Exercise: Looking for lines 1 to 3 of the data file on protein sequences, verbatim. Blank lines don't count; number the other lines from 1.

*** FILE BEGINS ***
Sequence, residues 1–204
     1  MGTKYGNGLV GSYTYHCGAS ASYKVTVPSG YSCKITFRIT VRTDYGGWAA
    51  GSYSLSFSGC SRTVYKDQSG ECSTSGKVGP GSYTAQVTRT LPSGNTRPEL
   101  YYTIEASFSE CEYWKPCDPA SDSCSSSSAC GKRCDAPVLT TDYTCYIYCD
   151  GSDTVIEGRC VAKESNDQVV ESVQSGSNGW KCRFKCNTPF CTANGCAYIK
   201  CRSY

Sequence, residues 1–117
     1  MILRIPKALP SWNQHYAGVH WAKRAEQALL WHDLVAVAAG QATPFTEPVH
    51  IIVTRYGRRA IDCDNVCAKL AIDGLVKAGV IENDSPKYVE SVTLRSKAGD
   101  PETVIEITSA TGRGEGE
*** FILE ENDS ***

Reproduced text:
Sequence, residues 1–204
     1  MGTKYGNGLV GSYTYHCGAS ASYKVTVPSG YSCKITFRIT VRTDYGGWAA
    51  GSYSLSFSGC SRTVYKDQSG ECSTSGKVGP GSYTAQVTRT LPSGNTRPEL